Jesus’ Justice Ethic

This sermon is based on Luke 6:20-26. You can also view each week's sermon/worship service on our YouTube Channel: SERIES OVERVIEW: “Just do the right thing” sounds easy enough, but how do we know what the right thing is? “Just do what the New Testament says” sounds like good advice until you are confronted five times with “greet one another with a holy kiss” and other such anachronisms. “Just do what Jesus says” sounds great until you read the Sermon on the Mount with its prohibitions on anger, lust, divorce, and oaths, as well as its “turn the other cheek,” “give your coat,” “go the extra mile” and “love those who persecute you” philosophy. Don’t tell anyone I said this, but “knowing and doing the right thing” is far more complicated than it first appears. So, what are we to do? We seek God’s wisdom from above, from beyond, from

Jesus and Justice

Okay, I lied. I gave Columbus the benefit of the doubt in my last post saying it was more likely that Columbus was simply bad at math and not a swindler. Having now read more of the Columbus story, I need to retract that statement. Plain and simple, it is far more likely that Columbus was a crook. If that is too strong, then let me just say, he was a horrible human being.  Consider the evidence. He was a terrible sea captain (half of his voyages ended in dismal failure). He was notoriously cruel (natives who did not bring in a sufficient amount of gold would have their hands cut off). He trafficked in slaves. He and his crew spread disease which almost eradicated the entire Taino population (how do you spell “genocide”?). As governor, he was both utterly corrupt and tyrannical (as a result of his thieving and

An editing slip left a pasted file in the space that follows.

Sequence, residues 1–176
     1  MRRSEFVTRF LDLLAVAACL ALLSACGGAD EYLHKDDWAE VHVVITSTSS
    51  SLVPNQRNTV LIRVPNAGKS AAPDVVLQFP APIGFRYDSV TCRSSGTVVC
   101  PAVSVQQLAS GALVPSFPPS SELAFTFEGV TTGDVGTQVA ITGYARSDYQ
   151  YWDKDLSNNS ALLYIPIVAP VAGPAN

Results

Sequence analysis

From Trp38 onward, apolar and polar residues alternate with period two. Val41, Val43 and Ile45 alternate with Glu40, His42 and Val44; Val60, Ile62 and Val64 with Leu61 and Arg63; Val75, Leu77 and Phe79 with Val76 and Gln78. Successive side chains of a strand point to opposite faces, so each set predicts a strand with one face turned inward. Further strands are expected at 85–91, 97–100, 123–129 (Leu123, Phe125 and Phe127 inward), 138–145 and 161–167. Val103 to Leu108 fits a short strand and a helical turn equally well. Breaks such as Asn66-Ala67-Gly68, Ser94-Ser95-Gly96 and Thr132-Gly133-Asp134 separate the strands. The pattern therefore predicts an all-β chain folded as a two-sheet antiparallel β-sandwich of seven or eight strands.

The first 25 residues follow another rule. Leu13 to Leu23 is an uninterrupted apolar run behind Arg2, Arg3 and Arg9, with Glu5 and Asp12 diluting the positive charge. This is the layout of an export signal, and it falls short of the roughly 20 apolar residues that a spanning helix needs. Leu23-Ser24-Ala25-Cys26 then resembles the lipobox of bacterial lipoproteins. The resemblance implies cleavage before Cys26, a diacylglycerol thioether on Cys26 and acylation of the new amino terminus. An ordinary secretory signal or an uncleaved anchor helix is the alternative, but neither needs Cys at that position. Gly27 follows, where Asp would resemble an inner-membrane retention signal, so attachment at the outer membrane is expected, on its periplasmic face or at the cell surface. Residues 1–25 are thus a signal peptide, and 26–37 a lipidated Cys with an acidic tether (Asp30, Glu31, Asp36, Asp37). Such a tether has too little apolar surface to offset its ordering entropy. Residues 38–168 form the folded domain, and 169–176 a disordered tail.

Jesus: The Justice of God

This sermon is based on Luke 4:16-20. SERIES OVERVIEW:       Years ago, "The Who" asked, “Who are you?” (and if you are not right now chanting, “Who, who, who, who?” in response, you are either way too young or way too humdrum).  It’s a fun song, but more importantly, it’s a great question.  It was also an important question 2000 years ago as the people tried to figure out who Jesus was.  But how Jesus answered the “who” question is interesting. He didn’t lecture us to correct our misunderstandings.       Instead, he gave us images and metaphors and word pictures.  He called himself the “Bread of Life.”  He wore the criticism, “friend of sinners,” as a badge of honor.  He proclaimed to all that he was “the good shepherd.”  He declared that he was the Messiah, and he announced that he was Israel’s king. Here’s the point: all of these images (and the

Go to Top